Time splinters. Gets under our fingers. She picks up the little snow maker and shakes it and then puts it down. "I used to love that thing. I used to think it was clever." The snowman within just looks sad now. A little yellow around the edges. His snowstorm looks thinner as well. I tell her, "Take it, it's yours."
"Bin it," she says. "I used to love loads of things."
I pick it up, throw it away. The bin bag's a barrier between us. It makes me feel safe, holding our baggage. These things, I think, these are the reasons. Not me. Not you. But this tat. She holds her body at angles. This is the last dance we'll have together. When it's over, we'll both walk away.
She goes on into the back room. The wallpaper we hung one wet, drunk, November weekend five or six years ago now looks like old man's skin over uneven plasterboard walls. When the couple who decided to buy saw it, I watched them try not to laugh. He said, "What cowboy went and put this up?" Julie said nothing at all. Later, after they left us, we turned our backs on each other. I stood alone in the hallway. Julie came and traced the walls with her hands.
Now her mood has grown more pragmatic.
"Look at this place. It's a dump."
She lights a cigarette and flicks ash on the carpet. I don't bother fetching an ashtray. The carpet's been ruined as well. Everything, here, has been ruined. I say, "Do you want the sideboard?"
She says, "Do I look like I do?"
I say, "Is there anything you want here?"
She says, "Jesus. I don't know."
We drift upstairs. We stare at the crap in the bedrooms. Neither of us want anything from here. Together, we've spoiled it all. She won't enter any room with a bed that I stand in. She looks in from the landing. She drifts off into another. As I step in, she steps out. One more dance. Neither of us take anything with us. A few things go into the bin bag. An old pair of straighteners. A couple of books. Our wedding photo stays on the bed-stand. She gives me a look that says ditch that thing when I'm not looking. Then she steps out of the bedroom. My fingers leave dirty marks on the glass-front. It makes a small noise, like a wind chime, as it falls to the bag from my hand.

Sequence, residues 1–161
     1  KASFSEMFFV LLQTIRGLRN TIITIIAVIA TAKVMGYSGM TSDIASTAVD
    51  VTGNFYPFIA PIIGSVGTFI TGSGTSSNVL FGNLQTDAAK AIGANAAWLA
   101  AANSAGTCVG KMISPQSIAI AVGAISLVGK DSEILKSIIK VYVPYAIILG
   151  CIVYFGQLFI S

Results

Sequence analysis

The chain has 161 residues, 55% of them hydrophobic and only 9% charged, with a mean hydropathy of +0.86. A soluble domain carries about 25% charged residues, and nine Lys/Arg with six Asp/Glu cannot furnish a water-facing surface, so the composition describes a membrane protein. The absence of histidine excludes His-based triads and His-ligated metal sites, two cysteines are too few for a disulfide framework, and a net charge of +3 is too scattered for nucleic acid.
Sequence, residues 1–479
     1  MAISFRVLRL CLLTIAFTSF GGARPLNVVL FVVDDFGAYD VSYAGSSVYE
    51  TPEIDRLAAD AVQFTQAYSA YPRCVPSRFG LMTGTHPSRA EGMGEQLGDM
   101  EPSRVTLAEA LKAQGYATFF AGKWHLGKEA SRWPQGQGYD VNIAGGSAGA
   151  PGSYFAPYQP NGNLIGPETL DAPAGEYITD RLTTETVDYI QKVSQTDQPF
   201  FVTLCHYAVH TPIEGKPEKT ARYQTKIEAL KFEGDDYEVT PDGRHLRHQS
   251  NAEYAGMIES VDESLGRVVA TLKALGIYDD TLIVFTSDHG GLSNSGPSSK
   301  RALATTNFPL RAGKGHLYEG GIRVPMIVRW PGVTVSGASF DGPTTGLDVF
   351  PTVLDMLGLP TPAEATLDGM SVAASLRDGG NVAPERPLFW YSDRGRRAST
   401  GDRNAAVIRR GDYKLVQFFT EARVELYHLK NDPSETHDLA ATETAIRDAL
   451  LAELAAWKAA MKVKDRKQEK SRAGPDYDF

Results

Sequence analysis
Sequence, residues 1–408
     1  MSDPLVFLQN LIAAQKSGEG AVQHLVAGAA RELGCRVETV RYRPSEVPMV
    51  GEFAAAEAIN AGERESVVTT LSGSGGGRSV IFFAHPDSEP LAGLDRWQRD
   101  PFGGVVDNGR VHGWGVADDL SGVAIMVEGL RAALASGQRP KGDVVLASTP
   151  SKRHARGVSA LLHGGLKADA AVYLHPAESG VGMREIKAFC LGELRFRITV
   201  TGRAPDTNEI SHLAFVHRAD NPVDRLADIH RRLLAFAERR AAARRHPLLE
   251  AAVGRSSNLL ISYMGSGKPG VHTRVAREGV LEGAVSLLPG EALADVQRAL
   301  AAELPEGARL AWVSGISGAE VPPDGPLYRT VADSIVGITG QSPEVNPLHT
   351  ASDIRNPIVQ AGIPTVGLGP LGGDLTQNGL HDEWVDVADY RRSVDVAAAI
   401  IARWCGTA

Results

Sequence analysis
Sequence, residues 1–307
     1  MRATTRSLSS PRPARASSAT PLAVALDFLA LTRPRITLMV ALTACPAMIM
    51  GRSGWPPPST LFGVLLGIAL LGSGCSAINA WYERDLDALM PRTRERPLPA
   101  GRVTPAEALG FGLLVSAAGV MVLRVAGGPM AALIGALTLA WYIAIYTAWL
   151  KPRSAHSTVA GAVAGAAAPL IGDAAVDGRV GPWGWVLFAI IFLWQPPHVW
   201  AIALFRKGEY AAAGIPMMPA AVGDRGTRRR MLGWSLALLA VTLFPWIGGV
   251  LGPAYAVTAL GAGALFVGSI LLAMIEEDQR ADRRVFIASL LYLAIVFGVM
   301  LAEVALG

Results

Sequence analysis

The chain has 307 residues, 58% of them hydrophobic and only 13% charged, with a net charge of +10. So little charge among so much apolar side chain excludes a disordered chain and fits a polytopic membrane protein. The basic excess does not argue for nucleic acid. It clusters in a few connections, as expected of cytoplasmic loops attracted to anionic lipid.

Back downstairs in the kitchen, I hold up the scaly kettle. She shakes her head. In the bin. The pots for the Tea, Coffee, Sugar, all with dirty, brown-rimmed handles. They go into the bin as well. On top of the fridge, there's the breadbin, from the days when we thought Argos was cool. I don't even ask her. It crashes down into the Tea, Coffee and Sugar pots, possibly our photo as well. I sigh. I pull open the fridge. It doesn't smell as bad as I expected. There's just some old ham, four suspect eggs, and two ice cold cans of Stella. Without even turning to ask her, I run the Stella tins under the tap and pull both the tabs up. I pass her a can. She takes it. Outside, it's getting dark now. There's a hint of orange bleakness beyond the block of garages our garden backs on to. We sip thoughtfully from two cans of Stella, the last things we'll ever share.